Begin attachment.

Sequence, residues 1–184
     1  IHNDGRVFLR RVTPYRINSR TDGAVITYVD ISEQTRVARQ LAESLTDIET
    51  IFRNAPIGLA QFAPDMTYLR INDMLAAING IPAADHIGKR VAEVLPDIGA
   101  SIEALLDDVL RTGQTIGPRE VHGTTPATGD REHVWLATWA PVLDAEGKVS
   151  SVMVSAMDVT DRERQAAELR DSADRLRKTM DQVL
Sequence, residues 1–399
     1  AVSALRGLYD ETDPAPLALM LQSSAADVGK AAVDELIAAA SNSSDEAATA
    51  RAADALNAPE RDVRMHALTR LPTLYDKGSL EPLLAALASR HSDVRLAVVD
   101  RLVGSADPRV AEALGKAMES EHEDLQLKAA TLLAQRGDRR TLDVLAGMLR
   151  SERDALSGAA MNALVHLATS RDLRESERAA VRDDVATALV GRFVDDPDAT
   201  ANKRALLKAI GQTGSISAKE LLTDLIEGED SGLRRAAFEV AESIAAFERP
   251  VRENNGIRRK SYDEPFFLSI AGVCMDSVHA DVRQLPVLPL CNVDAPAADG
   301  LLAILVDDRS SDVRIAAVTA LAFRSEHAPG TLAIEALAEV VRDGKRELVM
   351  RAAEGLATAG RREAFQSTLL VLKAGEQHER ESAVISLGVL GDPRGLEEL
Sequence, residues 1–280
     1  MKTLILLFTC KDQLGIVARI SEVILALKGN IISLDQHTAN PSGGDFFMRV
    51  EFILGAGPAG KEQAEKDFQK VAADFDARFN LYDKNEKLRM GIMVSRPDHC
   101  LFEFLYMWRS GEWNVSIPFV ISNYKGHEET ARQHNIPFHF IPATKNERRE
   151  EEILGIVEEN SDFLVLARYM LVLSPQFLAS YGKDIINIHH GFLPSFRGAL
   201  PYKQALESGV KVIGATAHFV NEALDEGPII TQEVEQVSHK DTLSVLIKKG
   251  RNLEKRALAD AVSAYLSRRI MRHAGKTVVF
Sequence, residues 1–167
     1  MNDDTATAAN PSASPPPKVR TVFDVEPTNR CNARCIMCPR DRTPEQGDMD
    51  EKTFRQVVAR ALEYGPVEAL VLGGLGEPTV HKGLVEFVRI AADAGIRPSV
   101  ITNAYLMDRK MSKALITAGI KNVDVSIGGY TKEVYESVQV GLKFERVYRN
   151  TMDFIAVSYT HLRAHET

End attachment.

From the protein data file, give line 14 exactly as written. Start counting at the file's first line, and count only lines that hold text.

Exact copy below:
   351  RAAEGLATAG RREAFQSTLL VLKAGEQHER ESAVISLGVL GDPRGLEEL